Op-ed: Green Party policy is shaped by commitments to equity and sustainability

Young Greens at UTM on challenging the status quo, meaningful environmental and social change
(Left to right) Courtesy of The Green Party of Canada, the Liberal Party of Canada, the Conservative Party of Canada, the New Democratic Party of Canada.
(Left to right) Courtesy of The Green Party of Canada, the Liberal Party of Canada, the Conservative Party of Canada, the New Democratic Party of Canada.

The federal elections are an opportunity for Canadians to shape a government that is able to make substantive changes in order to tackle the climate crisis.

The rise of movements like Fridays for the Future is a response to government inaction in regards to the climate crisis, the severity of which was brought to light by the United Nations’ (UN) 2018 Intergovernmental Panel on Climate Change.

To keep global warming levels below 1.5 degrees celsius, we must reduce our net carbon emissions to zero by 2050 — a monumental task. Avoidance is not an option if we want to achieve this goal.

The Green Party is the only party that has a plan to address climate change in a meaningful way. The Green Party would ensure emission reductions of 60 per cent below 2005 levels by 2030. The NDP does not give an official estimate, but when the math is done, it comes to around 38 per cent below 2005 levels, which is almost at the 40 per cent requirement if we want to be on track to hit net zero by 2050. The Conservatives and Liberals both have the same target of 30 per cent below 2005 levels. However, the Conservatives have little chance of reaching these levels with their current policy proposals.

A strong environmental platform is not the only reason to consider voting Green. The Greens have a plan for pretty much anything you can think of. Here are a few reasons I decided to get involved and start the Young Greens at UTM.

Access to education is still impeded by the price of postsecondary education. The financial burden of accumulating student debt affects postsecondary academic choices, but it does not have to be this way. Elizabeth May and the Green Party would work toward solving this problem by eliminating tuition fees for Canadian students and forgiving federal student debt.

A national pharma care plan is an essential part of any health care system. Being unable to afford medication leads to hundreds of preventable deaths each year. Last year over 700,000 Canadians borrowed money to cover their prescription drug costs.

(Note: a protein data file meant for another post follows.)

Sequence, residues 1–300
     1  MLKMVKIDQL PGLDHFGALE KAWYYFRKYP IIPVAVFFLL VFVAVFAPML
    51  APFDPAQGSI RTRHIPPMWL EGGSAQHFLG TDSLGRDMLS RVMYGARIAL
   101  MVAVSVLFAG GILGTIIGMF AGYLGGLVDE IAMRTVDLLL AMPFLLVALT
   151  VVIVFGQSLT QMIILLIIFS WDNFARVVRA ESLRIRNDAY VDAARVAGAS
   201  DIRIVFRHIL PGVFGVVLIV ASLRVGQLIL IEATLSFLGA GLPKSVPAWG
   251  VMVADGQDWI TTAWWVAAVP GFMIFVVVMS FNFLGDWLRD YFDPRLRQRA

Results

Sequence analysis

Not only would national pharma care lift a burden off numerous families in Canada, but it could also save the government money. By renegotiating and using our combined buying power as a country, we can obtain medication at a fraction of its current cost.

As a settler-colonial state, Canada has a lot to dismantle regarding the colonial policies and structures which remain present in policy, infrastructure, education, and amongst many inadequate social systems. With legislation such as the Indian Act, geographic barriers to education, access to clean water, inadequate housing and higher incarceration rates, working toward truth and reconciliation is an effort that must continue in earnest.

The Green Party of Canada would re-introduce legislation to embed the UN Declaration of Indigenous Rights into the law. The party plans to work in partnership with First Nations groups to dismantle the Indian Act by establishing self-governance — but only with freely given and informed consent. Bringing an end to boil water advisories, and respecting court’s rulings on matters such as compensation due to child welfare disparities are key aspects of the Greens’ vision and understanding of reconciliation.

The Green Party will redirect funding for these social projects by closing loopholes that allow Canadians to operate offshore bank accounts in tax havens. In addition, we the Greens will ask virtual giants like Netflix and Amazon to pay their fair share of taxes, and will end fossil fuel subsidies and corporate tax breaks. There are means of funding available; it’s just a matter of where we direct it.

In the fight against climate change, the transition to a green economy is essential. This plan must include everyone, from First Nations peoples to oil and gas workers. Canada’s economy must adopt fair and sustainable practices. Transitioning our economy toward sustainable energy must take into consideration workers who will be affected by these job changes. The Green Party hopes to work closely to create jobs in the renewable energy sector and to help workers transition into these new roles.

Young voters make up the largest voting bloc in Canada. If you do not know where to start, CBC’s Vote Compass gives a good overview of the party platforms. There, you can take a quiz that aligns your beliefs with the party that most closely shares your positions. To check for your voter registration status, consult the Elections Canada website.

Our future, whatever you want it to look like, depends heavily on the outcome of this election. We have 11 years to take meaningful action on climate change and for that to happen, we must implement measures immediately. No other party is as dedicated to confronting the climate crisis as we are. Students, voters, keep this in mind when you cast your vote. The Greens are not afraid to make unprecedented strides toward meaningful change.

Katya Godwin is a first-year Life Sciences student at UTM. She is the president of the Young Greens at UTM.

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